So, if you want to understand go!, realize that it is a subsidiary of a company that’s all about cutting the deal. Mesa realizes nearly all of its revenues selling the components of airline travel to airlines. That’s a tricky business and the parent company may make decisions which are inconsistent with your expectations about a startup airline. The interactions between go!, Hawaiian, and Aloha Airlines are sure to be anything but dull.


Blogger SJF Hawaii said...


I just took notice of something regarding go's aircraft size increase. With the CRJ-900's, they don't have to buy a new set of parts for the airplane, as most of the necessary parts already fit from their CRJ-200 fleet. I checked out the CRJ-900 page on Mesa.

What this means is that they can ramp up aircraft size instantly without having to go through the teething pains associated with introduction of a new aircraft in the fleet. Not even Island Air has had a smooth ride in flipping it's fleet to newer Dash-8 type aircraft.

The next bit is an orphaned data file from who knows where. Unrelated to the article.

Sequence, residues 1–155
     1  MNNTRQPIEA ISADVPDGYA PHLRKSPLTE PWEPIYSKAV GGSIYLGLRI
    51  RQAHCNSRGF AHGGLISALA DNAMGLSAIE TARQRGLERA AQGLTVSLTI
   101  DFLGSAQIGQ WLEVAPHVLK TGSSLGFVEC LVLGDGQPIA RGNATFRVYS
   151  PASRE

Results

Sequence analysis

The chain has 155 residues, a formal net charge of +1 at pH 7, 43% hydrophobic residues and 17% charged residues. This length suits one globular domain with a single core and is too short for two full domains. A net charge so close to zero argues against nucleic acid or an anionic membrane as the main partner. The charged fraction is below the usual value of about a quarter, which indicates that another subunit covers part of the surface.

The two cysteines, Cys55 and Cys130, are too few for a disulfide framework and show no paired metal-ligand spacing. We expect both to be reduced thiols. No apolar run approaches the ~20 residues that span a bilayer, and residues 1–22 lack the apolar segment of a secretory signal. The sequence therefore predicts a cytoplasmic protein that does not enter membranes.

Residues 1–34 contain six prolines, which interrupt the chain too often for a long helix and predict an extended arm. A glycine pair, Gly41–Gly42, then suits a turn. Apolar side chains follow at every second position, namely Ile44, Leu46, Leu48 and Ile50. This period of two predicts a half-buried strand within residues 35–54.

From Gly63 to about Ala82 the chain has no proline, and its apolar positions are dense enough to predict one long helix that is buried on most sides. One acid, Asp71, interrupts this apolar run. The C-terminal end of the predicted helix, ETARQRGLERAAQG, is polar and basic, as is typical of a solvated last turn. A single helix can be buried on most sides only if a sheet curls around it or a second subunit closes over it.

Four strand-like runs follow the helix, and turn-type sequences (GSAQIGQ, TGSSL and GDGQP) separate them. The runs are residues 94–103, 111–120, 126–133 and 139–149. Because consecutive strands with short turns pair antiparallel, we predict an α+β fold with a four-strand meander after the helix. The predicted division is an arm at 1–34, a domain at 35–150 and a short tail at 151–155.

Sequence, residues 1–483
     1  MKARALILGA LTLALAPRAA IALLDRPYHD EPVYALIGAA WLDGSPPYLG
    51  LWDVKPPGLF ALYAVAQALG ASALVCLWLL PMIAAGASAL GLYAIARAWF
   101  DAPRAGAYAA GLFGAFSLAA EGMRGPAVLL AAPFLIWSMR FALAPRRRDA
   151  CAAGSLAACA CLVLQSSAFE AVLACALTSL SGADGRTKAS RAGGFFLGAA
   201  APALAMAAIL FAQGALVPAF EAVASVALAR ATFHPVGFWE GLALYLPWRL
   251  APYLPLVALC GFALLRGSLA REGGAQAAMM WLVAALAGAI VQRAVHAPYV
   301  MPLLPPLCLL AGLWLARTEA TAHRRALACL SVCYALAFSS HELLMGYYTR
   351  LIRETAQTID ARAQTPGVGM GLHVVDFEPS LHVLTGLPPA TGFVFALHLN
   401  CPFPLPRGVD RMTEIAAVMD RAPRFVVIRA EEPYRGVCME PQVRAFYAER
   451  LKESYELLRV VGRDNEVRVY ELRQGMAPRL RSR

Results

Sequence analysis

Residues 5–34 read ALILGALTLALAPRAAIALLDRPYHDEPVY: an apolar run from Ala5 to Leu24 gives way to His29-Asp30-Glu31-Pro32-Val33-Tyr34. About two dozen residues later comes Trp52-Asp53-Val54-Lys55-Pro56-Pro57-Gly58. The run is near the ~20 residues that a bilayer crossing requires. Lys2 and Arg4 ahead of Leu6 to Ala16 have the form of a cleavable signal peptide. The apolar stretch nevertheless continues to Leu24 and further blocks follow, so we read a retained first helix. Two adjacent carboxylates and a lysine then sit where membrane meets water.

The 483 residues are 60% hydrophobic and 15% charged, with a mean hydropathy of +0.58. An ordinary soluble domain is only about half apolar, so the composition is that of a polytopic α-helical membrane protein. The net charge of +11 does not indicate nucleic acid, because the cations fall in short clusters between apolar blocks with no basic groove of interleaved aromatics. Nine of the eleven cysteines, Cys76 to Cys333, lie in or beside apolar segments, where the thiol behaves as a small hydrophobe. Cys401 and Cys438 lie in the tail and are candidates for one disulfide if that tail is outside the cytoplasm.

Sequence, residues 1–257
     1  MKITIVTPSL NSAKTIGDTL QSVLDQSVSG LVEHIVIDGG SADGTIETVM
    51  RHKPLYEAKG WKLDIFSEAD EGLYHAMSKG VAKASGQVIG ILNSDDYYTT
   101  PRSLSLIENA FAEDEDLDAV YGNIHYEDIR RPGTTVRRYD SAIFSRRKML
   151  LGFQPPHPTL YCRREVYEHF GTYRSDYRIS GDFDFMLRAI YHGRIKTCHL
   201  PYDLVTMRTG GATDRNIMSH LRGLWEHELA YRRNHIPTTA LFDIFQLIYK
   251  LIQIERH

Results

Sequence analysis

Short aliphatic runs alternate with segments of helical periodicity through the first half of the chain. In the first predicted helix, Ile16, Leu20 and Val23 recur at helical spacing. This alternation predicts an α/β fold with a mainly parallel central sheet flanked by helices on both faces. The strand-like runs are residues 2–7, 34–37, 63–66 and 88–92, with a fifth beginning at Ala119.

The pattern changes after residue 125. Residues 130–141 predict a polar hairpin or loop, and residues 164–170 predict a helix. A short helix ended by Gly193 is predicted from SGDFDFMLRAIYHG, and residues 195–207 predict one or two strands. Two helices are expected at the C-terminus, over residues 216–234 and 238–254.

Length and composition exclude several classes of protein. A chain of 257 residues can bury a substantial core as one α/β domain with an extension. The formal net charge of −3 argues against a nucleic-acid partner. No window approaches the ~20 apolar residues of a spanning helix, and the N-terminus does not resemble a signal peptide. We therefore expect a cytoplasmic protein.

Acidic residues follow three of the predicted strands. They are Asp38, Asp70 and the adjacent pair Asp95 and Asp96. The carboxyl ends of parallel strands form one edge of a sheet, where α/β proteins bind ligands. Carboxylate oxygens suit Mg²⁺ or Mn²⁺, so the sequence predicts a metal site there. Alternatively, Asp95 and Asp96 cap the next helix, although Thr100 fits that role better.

6:02 PM  
Blogger Peter Forman said...

Parts commonality is a huge issue with airlines, as you know. Some have suggested that it makes a great deal of sense for both Hawaiian and Aloha to fly the same aircraft type, so that they can share a common parts supplier here in the islands. But getting Hawaiian and Aloha to agree on anything? Many believe that's just wishful thinking.

7:52 PM  
Blogger OGG Pilot said...

Also, you have the on-going pay issue for pilots as many regionals (such as Mesa) have the same payscale for larger aircraft as the smaller aircraft. Very frustrating to pilots.

10:58 AM